Social Security telephone service satisfaction high but declining
Most callers to Social Security Administration field offices have been satisfied with the telephone service they received, show surveys conducted by the SSA that were obtained by FierceGovernment through a Freedom of Information Act request.
The field office surveys results--we obtained surveys for fiscal years 2006, 2007, 2008 and 2009--nonetheless contain some causes for concern. (The fiscal 2010 survey is not yet complete, the SSA FOIA office told us.)
The overall satisfaction rate, while recently stable from year to year, has declined from a peak of 83 percent last recorded in fiscal 2005 and before that in fiscal 2003, when the annual survey began. Responses from callers who said they use Internet also indicate no clear demand for more online-based services, a direction the SSA is being heavily encouraged to take.
The survey is conducted each year by a contractor, which receives the telephone numbers of callers to randomly selected field offices and conducts a structured interview with participants.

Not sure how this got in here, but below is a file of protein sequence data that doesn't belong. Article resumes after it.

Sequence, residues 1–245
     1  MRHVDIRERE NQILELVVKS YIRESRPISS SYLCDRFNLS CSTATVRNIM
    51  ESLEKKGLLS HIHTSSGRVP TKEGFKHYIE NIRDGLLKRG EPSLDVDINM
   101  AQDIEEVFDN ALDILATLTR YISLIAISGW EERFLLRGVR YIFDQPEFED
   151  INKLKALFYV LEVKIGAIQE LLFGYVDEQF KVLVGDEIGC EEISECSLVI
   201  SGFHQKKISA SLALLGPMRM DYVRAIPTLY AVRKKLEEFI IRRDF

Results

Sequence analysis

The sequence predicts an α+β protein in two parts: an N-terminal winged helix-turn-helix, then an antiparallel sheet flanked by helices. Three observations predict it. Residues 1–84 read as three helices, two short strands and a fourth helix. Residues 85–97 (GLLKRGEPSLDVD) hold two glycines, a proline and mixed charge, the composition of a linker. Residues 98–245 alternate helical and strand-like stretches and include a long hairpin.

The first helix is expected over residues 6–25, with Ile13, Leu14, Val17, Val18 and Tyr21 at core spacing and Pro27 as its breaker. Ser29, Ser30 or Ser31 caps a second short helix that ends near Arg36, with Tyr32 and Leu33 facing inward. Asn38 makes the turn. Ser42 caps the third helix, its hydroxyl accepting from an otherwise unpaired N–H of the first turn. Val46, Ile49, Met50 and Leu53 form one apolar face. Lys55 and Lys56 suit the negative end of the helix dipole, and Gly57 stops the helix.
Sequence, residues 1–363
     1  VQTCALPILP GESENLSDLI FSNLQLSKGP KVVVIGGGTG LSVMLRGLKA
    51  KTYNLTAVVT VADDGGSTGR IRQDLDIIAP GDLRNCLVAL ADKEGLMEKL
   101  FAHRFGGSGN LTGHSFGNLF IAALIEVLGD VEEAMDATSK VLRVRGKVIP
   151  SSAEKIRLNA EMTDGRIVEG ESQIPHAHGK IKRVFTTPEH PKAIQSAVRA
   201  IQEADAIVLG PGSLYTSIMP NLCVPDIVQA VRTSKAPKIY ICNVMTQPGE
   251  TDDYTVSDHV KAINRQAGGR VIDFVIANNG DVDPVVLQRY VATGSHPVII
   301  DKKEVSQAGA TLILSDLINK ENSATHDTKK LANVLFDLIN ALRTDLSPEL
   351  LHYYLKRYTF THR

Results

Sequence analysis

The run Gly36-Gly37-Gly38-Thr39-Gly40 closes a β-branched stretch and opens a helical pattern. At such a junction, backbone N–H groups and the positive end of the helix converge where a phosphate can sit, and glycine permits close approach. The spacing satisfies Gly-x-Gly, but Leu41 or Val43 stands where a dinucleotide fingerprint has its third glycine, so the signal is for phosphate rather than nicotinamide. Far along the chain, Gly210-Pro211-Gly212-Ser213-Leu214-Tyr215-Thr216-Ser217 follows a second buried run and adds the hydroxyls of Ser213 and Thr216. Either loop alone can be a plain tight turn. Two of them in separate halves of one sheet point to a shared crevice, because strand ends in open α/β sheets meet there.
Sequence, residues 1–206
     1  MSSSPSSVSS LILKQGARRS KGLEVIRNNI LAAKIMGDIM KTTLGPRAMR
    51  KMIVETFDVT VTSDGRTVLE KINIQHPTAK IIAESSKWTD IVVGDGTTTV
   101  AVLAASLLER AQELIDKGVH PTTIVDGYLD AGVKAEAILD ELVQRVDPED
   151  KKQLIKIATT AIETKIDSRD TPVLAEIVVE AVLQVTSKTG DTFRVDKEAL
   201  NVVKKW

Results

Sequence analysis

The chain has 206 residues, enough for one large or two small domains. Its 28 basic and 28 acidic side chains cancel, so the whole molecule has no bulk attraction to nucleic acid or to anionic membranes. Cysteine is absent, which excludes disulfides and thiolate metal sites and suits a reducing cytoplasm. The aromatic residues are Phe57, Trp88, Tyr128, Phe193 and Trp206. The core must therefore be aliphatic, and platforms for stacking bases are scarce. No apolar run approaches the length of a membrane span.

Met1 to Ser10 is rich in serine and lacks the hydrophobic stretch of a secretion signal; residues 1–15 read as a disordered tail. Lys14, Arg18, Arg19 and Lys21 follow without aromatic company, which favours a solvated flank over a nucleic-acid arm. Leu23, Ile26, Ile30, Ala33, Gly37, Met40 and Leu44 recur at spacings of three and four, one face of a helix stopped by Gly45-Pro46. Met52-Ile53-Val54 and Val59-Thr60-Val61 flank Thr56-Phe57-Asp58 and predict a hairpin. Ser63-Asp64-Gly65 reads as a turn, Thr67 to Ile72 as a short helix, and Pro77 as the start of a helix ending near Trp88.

In a typical recent year, a slight majority of callers report having tried to call the field office earlier that day but say they encountered a busy signal or automated recording. In fiscal 2009, 58 percent of respondents said they met with such a response; in fiscal 2008, it was 55 percent.
In fiscal 2007, field offices managed to cut the percentage of callers who encountered either a busy signal or recording down to a mere 45 percent, "but this improvement was not sustained," notes the survey report for fiscal years 2008 and 2009.
Callers who get through on their first try give substantially higher satisfaction ratings.
Of the callers who left a voice mail, approximately 40 percent in an unweighted average say they never received a call back. Those who didn't, unsurprisingly, tend to have low rates of satisfaction--just 44 percent in fiscal 2009 of those who never got a call back said field office telephone service was excellent, very good or good, while 80 percent of those who did get a call back gave positive feedback.
Of the survey respondents who said they currently use a personal computer, never more than a quarter have said they are "very interested" in using the Internet to conduct Social Security business. And only in one year--fiscal 2009--have more people said they are "somewhat interested" than "not at all interested" in using the Internet for Social Security purposes.
Online self-service "appears to be the only solution that will enable SSA to process future transaction volumes," said a panel chartered by SSA to advise on the agency's future technological state in 2010 report. The panel also said transactions should be available on mobile devices--referring to apps, not voice connection.
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